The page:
So with the car fixed and darkness set upon us, we put Larry in the car. Csaba was cold and sick—we’d need him in the car in the morning, and thanks to him mentioning it, we both agreed he’d be better served to climb into the motor home to warm up and rest. The temperatures were in the mid-forties during the day, and creeping towards the low thirties as it got darker.
Larry was fired up to drive, and I was fired up to let him loose on Thunderhill. Being a realist, and taking into account our myriad of problems, I knew that sticking to the “take it easy for 25 hours” approach was long gone. We’d had so many unforeseeable problems in our first 6 hours, I wasn’t convinced that asking Larry to treat the car gingerly was going to stave off future problems.
Of all the bizarre problems to crop up, when testing the car radio with Larry strapped in, every time he pressed the radio button while the car was running, the car died. The radio harness isn’t powered, and isn’t connected to the Mitsubishi wiring in any way, so we were all thrown for a loop on this one. I could talk to Larry, but if he tried to talk to me, the car would go to sleep. Would this kind of stuff ever stop?
Larry was only happy to get the green light to drive the car as hard as amused him, and in complete darkness, he set our fastest lap of the race. Back on pitlane with the C&D crew, I ventured over to the timing and scoring monitor. With barely 50 laps completed by the C&D team between 11AM-6PM, we were only 217 laps behind the leader.
Despite the famous catch-phrase “ I love it when a plan comes together” from the TV show “The A-Team” running through my head at this time, I indeed had no idea how I could concoct a plan to recover 217 laps for our team. It was also obvious that our plans for winning the 2004 25hr race weren’t going to come together.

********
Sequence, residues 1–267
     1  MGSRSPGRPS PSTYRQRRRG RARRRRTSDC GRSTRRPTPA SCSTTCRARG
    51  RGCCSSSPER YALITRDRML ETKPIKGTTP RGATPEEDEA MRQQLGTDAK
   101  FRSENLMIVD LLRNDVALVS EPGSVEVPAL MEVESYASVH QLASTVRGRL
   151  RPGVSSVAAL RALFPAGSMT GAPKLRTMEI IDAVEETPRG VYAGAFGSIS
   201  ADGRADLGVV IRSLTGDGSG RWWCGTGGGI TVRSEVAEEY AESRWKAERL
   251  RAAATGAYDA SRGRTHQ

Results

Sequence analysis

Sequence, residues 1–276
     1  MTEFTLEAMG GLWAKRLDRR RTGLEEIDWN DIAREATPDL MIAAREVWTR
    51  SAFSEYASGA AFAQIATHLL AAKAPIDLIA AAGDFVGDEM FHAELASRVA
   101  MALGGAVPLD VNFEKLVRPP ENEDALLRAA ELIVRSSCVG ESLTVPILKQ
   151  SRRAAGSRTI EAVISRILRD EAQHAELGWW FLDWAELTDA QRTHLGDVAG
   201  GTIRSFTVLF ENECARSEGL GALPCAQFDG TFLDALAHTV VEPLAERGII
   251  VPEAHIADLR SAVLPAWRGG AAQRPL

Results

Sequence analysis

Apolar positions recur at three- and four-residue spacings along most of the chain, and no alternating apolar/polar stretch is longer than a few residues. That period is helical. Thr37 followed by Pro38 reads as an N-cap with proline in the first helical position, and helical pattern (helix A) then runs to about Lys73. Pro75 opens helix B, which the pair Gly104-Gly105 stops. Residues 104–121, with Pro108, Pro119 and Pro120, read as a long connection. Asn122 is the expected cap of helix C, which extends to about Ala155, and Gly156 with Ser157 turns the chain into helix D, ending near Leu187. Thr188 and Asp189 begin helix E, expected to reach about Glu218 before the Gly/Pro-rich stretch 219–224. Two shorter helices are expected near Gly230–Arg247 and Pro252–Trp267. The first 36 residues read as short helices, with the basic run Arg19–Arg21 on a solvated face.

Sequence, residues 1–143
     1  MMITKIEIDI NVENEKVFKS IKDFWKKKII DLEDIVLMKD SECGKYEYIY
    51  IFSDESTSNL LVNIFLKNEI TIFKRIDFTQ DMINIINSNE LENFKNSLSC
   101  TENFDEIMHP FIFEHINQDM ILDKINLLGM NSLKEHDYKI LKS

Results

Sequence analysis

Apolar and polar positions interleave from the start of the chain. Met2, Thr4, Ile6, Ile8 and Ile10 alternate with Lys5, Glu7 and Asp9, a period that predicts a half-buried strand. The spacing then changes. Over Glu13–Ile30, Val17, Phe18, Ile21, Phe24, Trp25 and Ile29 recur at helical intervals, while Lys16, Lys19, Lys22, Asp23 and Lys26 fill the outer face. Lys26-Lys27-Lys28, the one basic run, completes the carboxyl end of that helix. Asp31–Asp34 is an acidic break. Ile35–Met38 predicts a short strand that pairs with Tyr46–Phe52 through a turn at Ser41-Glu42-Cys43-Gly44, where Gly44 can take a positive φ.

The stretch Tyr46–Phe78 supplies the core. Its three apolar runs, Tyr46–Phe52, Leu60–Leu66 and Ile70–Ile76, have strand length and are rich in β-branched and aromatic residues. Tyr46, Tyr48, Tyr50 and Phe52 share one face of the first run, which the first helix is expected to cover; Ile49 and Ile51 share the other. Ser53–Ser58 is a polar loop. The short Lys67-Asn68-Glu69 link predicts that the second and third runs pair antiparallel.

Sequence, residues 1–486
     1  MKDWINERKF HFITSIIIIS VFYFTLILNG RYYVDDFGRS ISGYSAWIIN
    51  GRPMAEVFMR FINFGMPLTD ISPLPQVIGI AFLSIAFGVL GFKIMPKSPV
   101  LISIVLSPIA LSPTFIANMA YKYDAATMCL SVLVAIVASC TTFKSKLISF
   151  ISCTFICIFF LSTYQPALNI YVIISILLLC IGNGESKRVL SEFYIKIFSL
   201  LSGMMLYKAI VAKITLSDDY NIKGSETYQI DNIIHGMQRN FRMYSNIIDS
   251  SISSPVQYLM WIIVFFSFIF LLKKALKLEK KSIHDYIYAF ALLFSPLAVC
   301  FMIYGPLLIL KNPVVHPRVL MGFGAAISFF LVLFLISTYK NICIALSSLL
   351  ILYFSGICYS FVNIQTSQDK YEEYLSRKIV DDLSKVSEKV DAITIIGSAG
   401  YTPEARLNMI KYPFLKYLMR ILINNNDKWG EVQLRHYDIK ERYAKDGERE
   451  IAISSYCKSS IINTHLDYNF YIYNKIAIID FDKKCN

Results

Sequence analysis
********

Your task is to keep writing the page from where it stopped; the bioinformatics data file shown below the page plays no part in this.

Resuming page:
Larry hadn’t been out for more than a dozen laps before he radioed to tell me he had a flat tire. Not only was the tire flat, but we had just put fresh rubber on the car after Csaba’s abbreviated stint. The tires that came off after Csaba’s stint were blistered, missing chunks, and beyond salvaging.
We also moved the radio button away from the steering column to the parking brake—we thought the proximity of the radio harness to the steering column might be causing some sort of frequency problems for the Evo’s electrics, causing to shut off. It worked initially, but began causing the same problem before too long.
With no testing time prior to the event, the team was forced to guess at a proper setup for the Yokohama tires. The tires were incredible; our setup wasn’t. On a frigid track with minimal tire temperatures, our slicks weren’t capable of running more than one stint. At that rate, we’d have consumed close to 15 sets of new tires during the entire 25 hours. Yokohama only had 5 sets total for us. This was another problem to overcome.
A new tire was changed rapidly by Mike, Dustin, and Mark (in a newer, more *liberating* firesuit), and Larry was sent back out again.
It was now just after 6PM, I had been up for 12 hours, the C&D/Vishnu crew had been up for equally as long, and it was time to start rotating crew out to eat and rest. Shiv, Dustin, and most of the other Evo gurus had suffered countless cuts, burns, and were covered in Mitsubishi lubricants after hours of being elbow-deep in the MR’s engine bay. It took a lot of persistence, but after insisting the he and his crew got some sleep, the Vishnu squad slowed down for the first time.
Temperatures were creeping closer and closer to the forecasted low of 32 degrees, so with the Vishnu team sleeping, and our C&D drivers instructed to stay warm in the motor home, I kept a skeleton crew on pit lane with me to keep an eye on Larry’s progress.
Just as Larry had started to find a good groove, and began passing most of our competitors decisively and with ease, I hear an all too familiar report come through my headset: “I think we just had another power steering failure. See you back at the motor home in a minute…”
With our resting crew having barely caught a moment of peace, and hands still sore and dirty, they opened the Evo’s hood and found another seized power steering pump. The pulley had sheared identically to the first; same problem, same pump configuration. Luckily, we had one more Street Evo that had made the trek to Thunderhill for us to plunder.